An inexpert but frequently impressive first novel, Soor Hearts is set in Shetland in the early years of this century. Magnus Doull, having sailed before the mast for ten years, returns to the fishing village from which he had fled under suspicion of having murdered Thomas Pole. Nearly everyone believes him guilty, since the two young men had been seen to quarrel. Both had been drinking heavily for a fortnight, and when Pole was found 'with his head crushed under a fearful blow' Doull took fright and bolted from the island. Whether or not it was he who killed Pole, he can't remember. For a time he is allowed to settle down in the family croft with his widowed mother, Meenie Doull. Meenie has the 'sight', reinforced by a pack of Tarot cards given her by a gipsy. She spends much time in probings of the future. She reveals to her son that a girl called Nina, who had borne him a still-born child after his flight, is now the village harlot, and that Isabella Agnes, Pole's widow, nurses a thirst for vengeance. He seeks a reunion with Nina, but she declines it and leaves the island. He attends a church service, and is fulminated against by the minister from his pulpit. Magnus makes a spirited reply: 'You call this da House o' da Lord. Pah! It is da House o' Oppression. A tool of da ruling classes to keep da poor fae rebelling ... ' This outburst is injudicious. The villagers are affronted. Further incensed by the law's delays, they seize Magnus and lock him up in a shed. Isabella, who knows that witches and persons possessed should be burned, not hanged, sets fire to it. Meenie hastens to the rescue and is drowned on the way. Everybody believes that Magnus is dead, but in fact he escapes through the roof of the burning building, and departs for New Zealand.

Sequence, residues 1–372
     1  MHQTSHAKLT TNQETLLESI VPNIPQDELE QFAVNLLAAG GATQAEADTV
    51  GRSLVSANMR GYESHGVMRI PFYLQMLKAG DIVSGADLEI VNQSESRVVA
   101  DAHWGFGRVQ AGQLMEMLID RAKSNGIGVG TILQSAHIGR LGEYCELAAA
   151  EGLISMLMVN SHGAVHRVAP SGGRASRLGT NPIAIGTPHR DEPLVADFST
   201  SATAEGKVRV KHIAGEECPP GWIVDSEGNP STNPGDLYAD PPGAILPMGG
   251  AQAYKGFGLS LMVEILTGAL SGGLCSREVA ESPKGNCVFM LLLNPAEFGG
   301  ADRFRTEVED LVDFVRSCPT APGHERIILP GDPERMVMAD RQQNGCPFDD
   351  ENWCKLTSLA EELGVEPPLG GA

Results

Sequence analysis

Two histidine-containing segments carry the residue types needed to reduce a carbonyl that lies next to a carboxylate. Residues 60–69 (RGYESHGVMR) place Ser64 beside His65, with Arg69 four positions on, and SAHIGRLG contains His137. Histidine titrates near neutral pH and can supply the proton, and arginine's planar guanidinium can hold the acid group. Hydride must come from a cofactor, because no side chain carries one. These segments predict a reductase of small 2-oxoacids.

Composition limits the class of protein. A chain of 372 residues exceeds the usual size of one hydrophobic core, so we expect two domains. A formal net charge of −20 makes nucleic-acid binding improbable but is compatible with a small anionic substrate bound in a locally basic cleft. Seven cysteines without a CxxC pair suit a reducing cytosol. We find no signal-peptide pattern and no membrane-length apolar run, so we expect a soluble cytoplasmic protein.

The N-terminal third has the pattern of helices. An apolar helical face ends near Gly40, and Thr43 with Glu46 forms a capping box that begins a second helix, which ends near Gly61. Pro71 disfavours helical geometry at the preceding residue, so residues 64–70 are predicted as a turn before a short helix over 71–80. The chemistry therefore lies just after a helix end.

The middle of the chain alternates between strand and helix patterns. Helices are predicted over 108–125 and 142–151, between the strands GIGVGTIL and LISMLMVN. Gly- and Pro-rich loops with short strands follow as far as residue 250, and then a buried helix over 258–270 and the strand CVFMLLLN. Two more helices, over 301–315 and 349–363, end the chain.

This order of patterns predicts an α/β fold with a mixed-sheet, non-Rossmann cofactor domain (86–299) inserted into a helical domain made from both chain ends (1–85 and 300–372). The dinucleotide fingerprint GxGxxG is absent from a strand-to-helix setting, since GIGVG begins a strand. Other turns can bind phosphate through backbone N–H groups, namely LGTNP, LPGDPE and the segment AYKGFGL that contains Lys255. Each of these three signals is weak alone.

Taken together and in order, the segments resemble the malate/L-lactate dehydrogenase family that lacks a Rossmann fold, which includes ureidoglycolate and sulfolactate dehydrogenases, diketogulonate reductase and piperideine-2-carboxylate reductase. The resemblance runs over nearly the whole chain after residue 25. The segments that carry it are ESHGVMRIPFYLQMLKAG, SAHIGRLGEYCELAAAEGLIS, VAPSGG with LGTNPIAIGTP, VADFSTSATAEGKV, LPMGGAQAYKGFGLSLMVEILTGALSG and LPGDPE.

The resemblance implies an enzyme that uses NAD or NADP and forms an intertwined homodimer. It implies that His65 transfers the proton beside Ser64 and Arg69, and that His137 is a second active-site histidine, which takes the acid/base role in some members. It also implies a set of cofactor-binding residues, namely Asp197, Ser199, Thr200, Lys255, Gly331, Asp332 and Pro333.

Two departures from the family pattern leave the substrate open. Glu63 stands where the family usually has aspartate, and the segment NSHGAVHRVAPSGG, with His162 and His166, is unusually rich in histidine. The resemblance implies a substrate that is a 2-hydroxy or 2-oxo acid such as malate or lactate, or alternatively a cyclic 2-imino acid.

LRB 2 February 1984 | PDF Download